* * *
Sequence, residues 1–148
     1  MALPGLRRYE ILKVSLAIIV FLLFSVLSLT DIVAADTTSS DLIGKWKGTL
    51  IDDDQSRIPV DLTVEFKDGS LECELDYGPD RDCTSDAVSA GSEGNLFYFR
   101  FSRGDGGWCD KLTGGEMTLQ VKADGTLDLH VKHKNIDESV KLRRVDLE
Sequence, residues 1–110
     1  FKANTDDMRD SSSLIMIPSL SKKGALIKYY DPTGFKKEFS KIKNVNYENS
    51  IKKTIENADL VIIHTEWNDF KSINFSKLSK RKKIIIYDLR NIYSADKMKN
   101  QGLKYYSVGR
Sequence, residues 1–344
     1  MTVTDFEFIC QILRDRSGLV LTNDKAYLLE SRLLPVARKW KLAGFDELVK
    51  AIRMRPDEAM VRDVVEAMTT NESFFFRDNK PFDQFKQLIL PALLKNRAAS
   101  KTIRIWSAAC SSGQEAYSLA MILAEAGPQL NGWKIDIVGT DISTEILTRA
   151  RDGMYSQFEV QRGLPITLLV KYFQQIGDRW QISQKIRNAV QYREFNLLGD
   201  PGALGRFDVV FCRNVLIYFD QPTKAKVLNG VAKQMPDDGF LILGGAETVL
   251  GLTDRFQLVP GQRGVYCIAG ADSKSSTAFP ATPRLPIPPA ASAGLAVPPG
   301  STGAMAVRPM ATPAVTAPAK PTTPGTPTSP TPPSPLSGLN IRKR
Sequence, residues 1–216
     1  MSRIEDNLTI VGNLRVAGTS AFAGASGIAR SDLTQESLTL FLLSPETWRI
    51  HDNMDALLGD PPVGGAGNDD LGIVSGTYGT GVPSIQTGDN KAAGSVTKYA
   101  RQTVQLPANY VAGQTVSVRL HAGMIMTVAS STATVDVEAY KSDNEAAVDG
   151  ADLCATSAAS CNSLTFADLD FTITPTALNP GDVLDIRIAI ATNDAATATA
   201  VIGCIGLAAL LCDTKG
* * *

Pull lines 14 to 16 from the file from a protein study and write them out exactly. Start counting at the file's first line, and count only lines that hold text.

   201  PGALGRFDVV FCRNVLIYFD QPTKAKVLNG VAKQMPDDGF LILGGAETVL
   251  GLTDRFQLVP GQRGVYCIAG ADSKSSTAFP ATPRLPIPPA ASAGLAVPPG
   301  STGAMAVRPM ATPAVTAPAK PTTPGTPTSP TPPSPLSGLN IRKR